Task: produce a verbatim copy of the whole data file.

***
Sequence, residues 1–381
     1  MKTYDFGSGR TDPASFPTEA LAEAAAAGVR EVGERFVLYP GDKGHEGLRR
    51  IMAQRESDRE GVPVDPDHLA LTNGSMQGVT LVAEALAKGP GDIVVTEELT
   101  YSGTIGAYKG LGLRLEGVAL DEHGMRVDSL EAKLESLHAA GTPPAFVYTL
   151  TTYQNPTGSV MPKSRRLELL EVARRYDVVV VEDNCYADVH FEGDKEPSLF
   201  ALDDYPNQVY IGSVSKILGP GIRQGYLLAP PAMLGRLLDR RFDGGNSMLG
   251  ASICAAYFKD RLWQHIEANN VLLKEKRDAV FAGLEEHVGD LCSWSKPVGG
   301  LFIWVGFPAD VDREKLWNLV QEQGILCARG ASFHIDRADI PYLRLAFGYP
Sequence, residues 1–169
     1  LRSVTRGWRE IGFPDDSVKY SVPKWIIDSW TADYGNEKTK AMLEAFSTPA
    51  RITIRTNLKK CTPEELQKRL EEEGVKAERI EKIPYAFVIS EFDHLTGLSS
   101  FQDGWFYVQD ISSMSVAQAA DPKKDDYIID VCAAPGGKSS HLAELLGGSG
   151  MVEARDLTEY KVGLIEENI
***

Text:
Sequence, residues 1–381
     1  MKTYDFGSGR TDPASFPTEA LAEAAAAGVR EVGERFVLYP GDKGHEGLRR
    51  IMAQRESDRE GVPVDPDHLA LTNGSMQGVT LVAEALAKGP GDIVVTEELT
   101  YSGTIGAYKG LGLRLEGVAL DEHGMRVDSL EAKLESLHAA GTPPAFVYTL
   151  TTYQNPTGSV MPKSRRLELL EVARRYDVVV VEDNCYADVH FEGDKEPSLF
   201  ALDDYPNQVY IGSVSKILGP GIRQGYLLAP PAMLGRLLDR RFDGGNSMLG
   251  ASICAAYFKD RLWQHIEANN VLLKEKRDAV FAGLEEHVGD LCSWSKPVGG
   301  LFIWVGFPAD VDREKLWNLV QEQGILCARG ASFHIDRADI PYLRLAFGYP
Sequence, residues 1–169
     1  LRSVTRGWRE IGFPDDSVKY SVPKWIIDSW TADYGNEKTK AMLEAFSTPA
    51  RITIRTNLKK CTPEELQKRL EEEGVKAERI EKIPYAFVIS EFDHLTGLSS
   101  FQDGWFYVQD ISSMSVAQAA DPKKDDYIID VCAAPGGKSS HLAELLGGSG
   151  MVEARDLTEY KVGLIEENI